The West

Labor, Greens put oil jobs at risk
Labor, Greens 'put oil jobs at risk'

The resources industry claims hundreds of workers on oil and gas rigs and support ships will be forced to stop work after the Senate killed off the Federal Government's offshore visa regime.

In a major embarrassment to the Government, Labor and the Palmer United Party last night supported a Greens motion to strike out regulations dictating what kind of visas can be used by foreign workers on offshore rigs and ships.

The Government insists that the immediate effect is that hundreds of foreign workers on oil and gas installations are in breach of their visas and cannot work.

Labor said it supported the Greens because the Government was using a special class of visa, known as the Maritime Crew Visa, to bring in foreign workers on lower wages and tougher conditions.

Maritime Union of Australia national secretaary Paddy Crumlin told the ABC the maritime crew visa was a loophole being used to exploit workers.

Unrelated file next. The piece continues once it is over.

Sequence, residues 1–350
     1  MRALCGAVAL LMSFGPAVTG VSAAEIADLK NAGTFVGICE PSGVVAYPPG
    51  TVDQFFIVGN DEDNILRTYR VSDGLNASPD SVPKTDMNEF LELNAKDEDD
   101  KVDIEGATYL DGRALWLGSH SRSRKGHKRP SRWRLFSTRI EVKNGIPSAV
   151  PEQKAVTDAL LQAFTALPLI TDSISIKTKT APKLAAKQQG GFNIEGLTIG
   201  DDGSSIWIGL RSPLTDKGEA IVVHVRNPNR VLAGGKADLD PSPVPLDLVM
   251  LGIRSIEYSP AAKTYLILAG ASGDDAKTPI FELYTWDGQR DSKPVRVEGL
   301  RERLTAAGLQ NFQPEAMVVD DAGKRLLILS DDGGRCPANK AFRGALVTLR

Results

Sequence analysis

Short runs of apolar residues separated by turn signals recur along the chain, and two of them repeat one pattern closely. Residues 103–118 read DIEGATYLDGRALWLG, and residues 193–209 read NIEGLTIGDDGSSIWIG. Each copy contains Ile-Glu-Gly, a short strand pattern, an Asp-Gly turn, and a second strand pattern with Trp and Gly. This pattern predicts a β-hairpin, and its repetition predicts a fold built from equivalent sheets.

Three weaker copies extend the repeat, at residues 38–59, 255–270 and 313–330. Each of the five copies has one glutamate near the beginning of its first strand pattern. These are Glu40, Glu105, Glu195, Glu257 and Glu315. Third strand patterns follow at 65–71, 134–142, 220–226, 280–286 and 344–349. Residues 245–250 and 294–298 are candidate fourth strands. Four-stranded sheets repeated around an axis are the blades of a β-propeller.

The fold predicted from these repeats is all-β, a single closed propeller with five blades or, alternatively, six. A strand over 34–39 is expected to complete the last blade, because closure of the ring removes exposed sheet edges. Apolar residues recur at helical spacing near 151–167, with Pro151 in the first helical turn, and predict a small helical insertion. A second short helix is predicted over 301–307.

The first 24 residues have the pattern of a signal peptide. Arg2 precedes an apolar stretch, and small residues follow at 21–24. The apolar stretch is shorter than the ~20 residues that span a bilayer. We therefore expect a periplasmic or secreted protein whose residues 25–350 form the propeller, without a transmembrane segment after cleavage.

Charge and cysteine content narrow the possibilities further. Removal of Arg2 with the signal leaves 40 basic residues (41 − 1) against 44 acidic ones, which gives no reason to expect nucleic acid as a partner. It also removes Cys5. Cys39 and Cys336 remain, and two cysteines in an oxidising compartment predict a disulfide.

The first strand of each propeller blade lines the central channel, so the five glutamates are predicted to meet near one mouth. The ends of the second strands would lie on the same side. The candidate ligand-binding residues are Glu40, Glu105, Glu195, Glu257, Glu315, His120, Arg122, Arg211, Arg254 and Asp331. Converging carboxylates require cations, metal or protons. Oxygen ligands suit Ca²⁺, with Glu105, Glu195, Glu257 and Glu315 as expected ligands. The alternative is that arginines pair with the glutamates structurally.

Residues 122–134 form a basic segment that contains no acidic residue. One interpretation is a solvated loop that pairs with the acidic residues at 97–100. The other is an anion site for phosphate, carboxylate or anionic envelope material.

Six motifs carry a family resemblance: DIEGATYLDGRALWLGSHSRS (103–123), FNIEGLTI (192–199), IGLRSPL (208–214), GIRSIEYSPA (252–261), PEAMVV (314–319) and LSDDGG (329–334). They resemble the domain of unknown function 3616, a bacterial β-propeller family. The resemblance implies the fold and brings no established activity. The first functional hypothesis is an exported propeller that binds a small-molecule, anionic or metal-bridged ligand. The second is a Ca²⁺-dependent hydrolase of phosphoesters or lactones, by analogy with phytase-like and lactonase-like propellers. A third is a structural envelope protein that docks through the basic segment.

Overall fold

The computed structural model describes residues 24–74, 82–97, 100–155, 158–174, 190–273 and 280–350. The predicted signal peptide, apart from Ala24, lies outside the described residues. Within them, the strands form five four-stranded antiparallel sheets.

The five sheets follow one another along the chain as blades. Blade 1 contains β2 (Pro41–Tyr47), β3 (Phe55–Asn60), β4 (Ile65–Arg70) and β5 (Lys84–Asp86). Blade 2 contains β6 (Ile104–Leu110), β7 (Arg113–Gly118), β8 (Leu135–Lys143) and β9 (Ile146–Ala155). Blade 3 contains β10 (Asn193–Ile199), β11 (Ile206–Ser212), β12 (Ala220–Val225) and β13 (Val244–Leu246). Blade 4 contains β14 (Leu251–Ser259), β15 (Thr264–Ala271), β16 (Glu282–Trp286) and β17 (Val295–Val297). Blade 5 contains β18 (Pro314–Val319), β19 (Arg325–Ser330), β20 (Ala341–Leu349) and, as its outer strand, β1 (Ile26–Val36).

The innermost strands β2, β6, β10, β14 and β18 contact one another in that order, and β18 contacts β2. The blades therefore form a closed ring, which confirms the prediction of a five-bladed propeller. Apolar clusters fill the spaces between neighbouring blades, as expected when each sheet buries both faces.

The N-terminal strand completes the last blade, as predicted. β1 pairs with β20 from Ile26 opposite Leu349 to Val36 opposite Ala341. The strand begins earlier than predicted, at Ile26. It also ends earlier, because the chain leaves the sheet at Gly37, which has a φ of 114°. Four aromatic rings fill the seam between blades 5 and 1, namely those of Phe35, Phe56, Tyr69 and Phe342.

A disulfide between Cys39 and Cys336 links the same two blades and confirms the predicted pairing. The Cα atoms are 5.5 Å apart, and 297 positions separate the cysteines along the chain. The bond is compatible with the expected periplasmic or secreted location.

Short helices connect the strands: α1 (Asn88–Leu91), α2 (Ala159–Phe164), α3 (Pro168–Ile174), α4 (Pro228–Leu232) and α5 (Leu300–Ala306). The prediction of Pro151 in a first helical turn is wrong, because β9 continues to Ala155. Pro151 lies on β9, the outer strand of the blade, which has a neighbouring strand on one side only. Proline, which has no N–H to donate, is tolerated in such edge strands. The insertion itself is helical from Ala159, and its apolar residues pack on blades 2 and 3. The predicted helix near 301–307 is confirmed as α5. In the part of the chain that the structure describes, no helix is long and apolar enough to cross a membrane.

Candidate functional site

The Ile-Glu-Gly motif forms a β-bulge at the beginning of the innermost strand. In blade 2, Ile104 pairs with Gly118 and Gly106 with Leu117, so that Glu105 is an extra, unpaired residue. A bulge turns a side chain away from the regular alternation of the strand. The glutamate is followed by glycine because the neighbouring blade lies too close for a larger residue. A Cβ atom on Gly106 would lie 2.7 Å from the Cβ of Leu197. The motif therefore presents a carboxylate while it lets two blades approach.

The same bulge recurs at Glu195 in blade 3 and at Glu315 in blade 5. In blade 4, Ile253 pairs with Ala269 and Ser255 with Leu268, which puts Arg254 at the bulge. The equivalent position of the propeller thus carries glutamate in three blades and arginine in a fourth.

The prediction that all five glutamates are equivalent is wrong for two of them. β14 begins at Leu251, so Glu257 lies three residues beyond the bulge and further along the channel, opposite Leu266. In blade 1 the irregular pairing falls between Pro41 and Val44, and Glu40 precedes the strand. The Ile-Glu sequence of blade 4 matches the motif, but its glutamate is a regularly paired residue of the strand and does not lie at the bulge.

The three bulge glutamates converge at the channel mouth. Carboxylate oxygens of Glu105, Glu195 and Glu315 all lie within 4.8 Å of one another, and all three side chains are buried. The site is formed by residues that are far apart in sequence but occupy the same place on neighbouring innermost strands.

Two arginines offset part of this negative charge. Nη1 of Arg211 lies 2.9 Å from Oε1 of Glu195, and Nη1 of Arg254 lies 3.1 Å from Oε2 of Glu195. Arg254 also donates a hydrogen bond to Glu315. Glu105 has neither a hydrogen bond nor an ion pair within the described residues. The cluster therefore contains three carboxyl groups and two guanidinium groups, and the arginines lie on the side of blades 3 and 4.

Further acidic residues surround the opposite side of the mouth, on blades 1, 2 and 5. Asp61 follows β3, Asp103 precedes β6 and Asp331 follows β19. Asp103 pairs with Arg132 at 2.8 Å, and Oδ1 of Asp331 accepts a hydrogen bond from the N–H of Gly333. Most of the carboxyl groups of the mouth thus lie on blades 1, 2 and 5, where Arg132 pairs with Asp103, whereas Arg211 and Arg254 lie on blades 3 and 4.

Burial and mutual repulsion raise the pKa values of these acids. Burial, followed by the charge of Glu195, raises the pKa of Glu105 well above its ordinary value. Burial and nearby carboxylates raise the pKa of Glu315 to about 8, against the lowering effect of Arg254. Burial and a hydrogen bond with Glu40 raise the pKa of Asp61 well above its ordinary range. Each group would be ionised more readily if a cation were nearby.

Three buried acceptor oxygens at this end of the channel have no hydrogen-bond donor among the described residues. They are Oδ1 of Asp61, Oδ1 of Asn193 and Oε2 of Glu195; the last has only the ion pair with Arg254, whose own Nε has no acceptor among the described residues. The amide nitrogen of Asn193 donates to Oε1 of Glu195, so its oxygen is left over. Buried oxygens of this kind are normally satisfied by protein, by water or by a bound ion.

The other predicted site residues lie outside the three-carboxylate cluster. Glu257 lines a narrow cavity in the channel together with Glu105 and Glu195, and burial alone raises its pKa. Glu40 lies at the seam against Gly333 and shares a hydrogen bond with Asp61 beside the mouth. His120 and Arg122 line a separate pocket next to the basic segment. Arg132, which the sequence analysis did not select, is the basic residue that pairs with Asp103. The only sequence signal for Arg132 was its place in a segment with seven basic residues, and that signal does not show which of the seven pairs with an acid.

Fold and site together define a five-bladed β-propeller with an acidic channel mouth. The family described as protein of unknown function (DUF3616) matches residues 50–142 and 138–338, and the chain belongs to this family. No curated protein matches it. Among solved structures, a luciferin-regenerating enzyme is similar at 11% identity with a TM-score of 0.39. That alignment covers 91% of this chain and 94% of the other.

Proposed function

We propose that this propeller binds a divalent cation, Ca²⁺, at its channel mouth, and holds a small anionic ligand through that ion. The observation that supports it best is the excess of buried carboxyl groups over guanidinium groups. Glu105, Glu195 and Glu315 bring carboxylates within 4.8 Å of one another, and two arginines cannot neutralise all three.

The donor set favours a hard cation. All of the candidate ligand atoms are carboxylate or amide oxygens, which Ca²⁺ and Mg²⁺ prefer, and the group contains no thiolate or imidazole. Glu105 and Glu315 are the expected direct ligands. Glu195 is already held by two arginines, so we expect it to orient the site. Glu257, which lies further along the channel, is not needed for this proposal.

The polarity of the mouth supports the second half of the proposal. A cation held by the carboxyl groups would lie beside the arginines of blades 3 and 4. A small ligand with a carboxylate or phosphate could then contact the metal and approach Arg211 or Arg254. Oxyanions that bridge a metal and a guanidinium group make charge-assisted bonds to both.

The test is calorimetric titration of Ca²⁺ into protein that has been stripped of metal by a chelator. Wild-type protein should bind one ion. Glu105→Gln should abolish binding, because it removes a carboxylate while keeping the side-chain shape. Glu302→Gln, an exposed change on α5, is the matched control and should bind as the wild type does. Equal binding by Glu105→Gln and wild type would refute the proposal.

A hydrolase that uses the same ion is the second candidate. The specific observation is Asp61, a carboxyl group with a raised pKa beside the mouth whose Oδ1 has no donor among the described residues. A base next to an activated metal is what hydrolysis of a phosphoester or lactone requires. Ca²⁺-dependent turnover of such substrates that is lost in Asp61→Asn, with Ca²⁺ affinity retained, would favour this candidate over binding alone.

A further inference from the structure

"It was here to bring in Filipino, Indonesian seafarers, not on Australian wages and conditions," he said.

The Australian Mines and Metals Association blasted Labor and the Greens, saying they had created chaos in the resources industry and damaged Australia's reputation as a safe place to invest.

According to AMMA, the immediate effect of the vote was that 150 Australian workers on a specialist offshore construction vessel would be stood down because 70 non-Australian workers could not legally do their jobs.

The association claimed an entire offshore production rig might have to shut because a foreign supervisor would not be permitted to do his job.

"Skilled migrant workers comprise a tiny minority of jobs in the offshore oil and gas sector but their specialist, international skills are critical to delivering jobs for Australians," AMMA executive director, policy and public affairs, Scott Barklamb said.

"The disallowance impacts every offshore resources project in Australia - projects worth $200 billion to our economy and that employ upwards of 70,000 Australian people."

Labor MP Alannah MacTiernan said the issue was about Australians being given the best chance of winning jobs on offshore vessels.

The West Australian

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